DISGRACE

J M Coetzee

Disgrace—set in post–apartheid Cape Town and on a remote farm in the Eastern Cape—is deft, lean, quiet, and brutal. A heartbreaking novel about a man and his daughter, Disgrace is a portrait of the new South Africa that is ultimately about grace and love.

At fifty—two Professor David Lurie is divorced, filled with desire but lacking passion. An affair with one of his students leaves him jobless and friendless, except for his daughter, Lucy, who works her smallholding with her neighbor, Petrus, an African farmer now on the way to a modest prosperity. David’s attempts to relate to Lucy,

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Disgrace—set in post–apartheid Cape Town and on a remote farm in the Eastern Cape—is deft, lean, quiet, and brutal. A heartbreaking novel about a man and his daughter, Disgrace is a portrait of the new South Africa that is ultimately about grace and love.

At fifty—two Professor David Lurie is divorced, filled with desire but lacking passion. An affair with one of his students leaves him jobless and friendless, except for his daughter, Lucy, who works her smallholding with her neighbor, Petrus, an African farmer now on the way to a modest prosperity. David’s attempts to relate to Lucy, and to a society with new racial complexities, are disrupted by an afternoon of violence that changes him and his daughter in ways he could never have foreseen. In this wry, visceral, yet strangely tender novel, Coetzee once again tells “truths [that] cut to the bone” (The New York Time Book Review).

A finalist for The National Book Critics Circle Awards
Coetzee is the only writer to have been awarded the Booker Prize twice

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  • Penguin
  • Paperback
  • August 2008
  • 224 Pages
  • 9780143115281

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About J M Coetzee

J. M. Coetzee is the author of seven works of fiction and a memoir, all of which are available from Penguin. He has won numerous literary prizes, including the Booker Prize for Life & Times of Michael K and the Irish Times International Fiction Prize for The Master of Petersburg. In 1987, Coetzee was awarded the Jerusalem Prize, and in 1998 was the recipient of a Lannan Literary Award.

Praise

“A subtly brilliant commentary on the nature and balance of power in his homeland… by a writer at the top of his form.”—Time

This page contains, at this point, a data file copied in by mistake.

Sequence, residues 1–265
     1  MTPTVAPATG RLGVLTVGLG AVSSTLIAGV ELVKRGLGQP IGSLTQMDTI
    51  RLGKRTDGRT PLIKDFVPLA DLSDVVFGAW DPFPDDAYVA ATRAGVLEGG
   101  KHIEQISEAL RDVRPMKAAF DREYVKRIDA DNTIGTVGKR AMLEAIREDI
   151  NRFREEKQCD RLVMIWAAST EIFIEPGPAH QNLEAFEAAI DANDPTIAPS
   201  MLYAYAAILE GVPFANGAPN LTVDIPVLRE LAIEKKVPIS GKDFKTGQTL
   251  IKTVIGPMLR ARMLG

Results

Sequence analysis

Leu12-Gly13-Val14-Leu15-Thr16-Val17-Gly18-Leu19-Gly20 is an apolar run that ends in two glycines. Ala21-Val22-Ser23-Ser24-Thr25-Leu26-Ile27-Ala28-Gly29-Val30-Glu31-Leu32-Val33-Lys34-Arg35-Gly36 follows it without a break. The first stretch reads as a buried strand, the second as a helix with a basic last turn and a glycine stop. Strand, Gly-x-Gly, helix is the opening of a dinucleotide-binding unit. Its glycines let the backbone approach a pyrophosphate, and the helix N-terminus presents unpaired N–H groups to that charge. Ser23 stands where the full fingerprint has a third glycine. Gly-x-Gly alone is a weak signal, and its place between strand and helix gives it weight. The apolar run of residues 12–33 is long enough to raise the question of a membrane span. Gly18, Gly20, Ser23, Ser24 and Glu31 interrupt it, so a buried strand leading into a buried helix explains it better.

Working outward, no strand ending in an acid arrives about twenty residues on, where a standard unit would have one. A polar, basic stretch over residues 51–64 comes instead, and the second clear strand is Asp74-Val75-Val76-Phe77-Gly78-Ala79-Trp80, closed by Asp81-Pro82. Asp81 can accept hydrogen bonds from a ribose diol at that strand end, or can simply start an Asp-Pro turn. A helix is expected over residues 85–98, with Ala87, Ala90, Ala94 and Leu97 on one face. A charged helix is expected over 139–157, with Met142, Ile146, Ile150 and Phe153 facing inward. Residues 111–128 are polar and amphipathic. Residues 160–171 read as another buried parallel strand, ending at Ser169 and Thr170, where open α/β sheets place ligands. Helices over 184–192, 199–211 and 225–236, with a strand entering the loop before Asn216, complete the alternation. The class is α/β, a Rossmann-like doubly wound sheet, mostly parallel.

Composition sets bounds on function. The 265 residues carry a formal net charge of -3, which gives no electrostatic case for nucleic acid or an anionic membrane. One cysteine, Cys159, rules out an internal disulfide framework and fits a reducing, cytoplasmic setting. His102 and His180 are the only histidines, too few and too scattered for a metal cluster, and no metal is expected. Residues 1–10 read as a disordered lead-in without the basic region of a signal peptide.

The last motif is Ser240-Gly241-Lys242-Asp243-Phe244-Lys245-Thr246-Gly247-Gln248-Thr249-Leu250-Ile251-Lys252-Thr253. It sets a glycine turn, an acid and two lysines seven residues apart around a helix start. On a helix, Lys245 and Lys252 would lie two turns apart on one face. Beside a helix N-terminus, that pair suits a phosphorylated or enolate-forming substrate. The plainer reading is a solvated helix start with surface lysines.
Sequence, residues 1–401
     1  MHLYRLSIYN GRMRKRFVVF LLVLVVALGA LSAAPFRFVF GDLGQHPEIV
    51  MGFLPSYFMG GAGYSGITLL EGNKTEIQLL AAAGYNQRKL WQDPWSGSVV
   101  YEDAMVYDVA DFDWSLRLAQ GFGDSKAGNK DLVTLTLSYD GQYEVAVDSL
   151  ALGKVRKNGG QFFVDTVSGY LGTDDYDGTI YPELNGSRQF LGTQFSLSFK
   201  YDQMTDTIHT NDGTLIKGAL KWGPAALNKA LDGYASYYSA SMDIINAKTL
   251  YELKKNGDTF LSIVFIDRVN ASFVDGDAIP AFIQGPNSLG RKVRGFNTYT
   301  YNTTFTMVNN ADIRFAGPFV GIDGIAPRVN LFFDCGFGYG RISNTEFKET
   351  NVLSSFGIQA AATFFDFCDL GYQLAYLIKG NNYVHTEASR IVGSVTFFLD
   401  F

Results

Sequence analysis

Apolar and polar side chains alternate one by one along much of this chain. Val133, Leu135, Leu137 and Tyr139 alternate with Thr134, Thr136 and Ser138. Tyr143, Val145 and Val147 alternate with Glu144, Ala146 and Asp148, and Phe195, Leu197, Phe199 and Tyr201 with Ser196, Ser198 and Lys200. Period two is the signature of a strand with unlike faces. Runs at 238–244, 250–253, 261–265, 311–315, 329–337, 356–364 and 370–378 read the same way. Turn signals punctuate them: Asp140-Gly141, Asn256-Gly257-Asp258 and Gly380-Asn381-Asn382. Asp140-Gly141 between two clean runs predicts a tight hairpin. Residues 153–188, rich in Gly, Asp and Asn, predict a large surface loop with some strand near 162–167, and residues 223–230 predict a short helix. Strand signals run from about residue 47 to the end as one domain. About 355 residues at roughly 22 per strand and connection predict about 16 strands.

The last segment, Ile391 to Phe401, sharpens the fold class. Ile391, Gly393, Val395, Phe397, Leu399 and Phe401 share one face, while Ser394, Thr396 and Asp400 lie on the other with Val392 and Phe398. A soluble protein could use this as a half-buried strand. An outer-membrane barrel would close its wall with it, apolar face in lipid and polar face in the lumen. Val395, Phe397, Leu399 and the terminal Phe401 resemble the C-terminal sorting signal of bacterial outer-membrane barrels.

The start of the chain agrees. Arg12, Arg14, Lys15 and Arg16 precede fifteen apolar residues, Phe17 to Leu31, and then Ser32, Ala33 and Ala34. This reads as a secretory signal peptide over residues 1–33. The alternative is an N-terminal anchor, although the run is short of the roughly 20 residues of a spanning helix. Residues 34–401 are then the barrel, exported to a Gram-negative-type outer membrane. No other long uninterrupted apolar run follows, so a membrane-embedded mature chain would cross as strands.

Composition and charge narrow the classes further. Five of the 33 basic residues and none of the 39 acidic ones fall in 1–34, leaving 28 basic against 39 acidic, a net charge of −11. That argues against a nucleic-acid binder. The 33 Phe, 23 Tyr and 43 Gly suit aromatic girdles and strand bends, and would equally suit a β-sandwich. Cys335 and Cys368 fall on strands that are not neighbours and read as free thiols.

“A revelatory, must–read portrayal of racial fortunes reversed.”—USA Today

Disgrace is not a hard or obscure book—it is, among other things, compulsively readable—but what it may well be is an authentically spiritual document, a lament for the soul of a disgraced century.”—The New Yorker

“Mr. Coetzee, in prose lean yet simmering with feeling, has indeed

achieved a lasting work: a novel as haunting and powerful as Albert

Camus’s The Stranger.”The Wall Street Journal

Discussion Questions

The novel begins by telling us that “For a man his age, fifty-two, divorced, he has, to his mind, solved the problem of sex rather well.” What can you infer about David Lurie’s character from this sentence? In what ways is it significant, particularly in relation to the events that follow, that he views sex as a “problem” and that his “solution” depends upon a prostitute? 

Lurie describes sexual intercourse with the prostitute Soraya as being like the copulation of snakes, “lengthy, absorbed, but rather abstract, rather dry, even at its hottest.” When he decides to seduce his student, Melanie, they are passing through the college gardens. After their affair has been discovered Melanie’s father says that he never thought he was sending his daughter into “a nest of vipers.” Lurie has also written a book about Faust and Mephistopheles and explicates for his class a poem by Byron about the fallen angel, Lucifer, whom Lurie describes as being “condemned to solitude.” What do you think Coetzee is trying to suggest through this confluence of details? How clearly does Lurie himself understand his behavior? How does his reading of the Byron poem prefigure his own fate?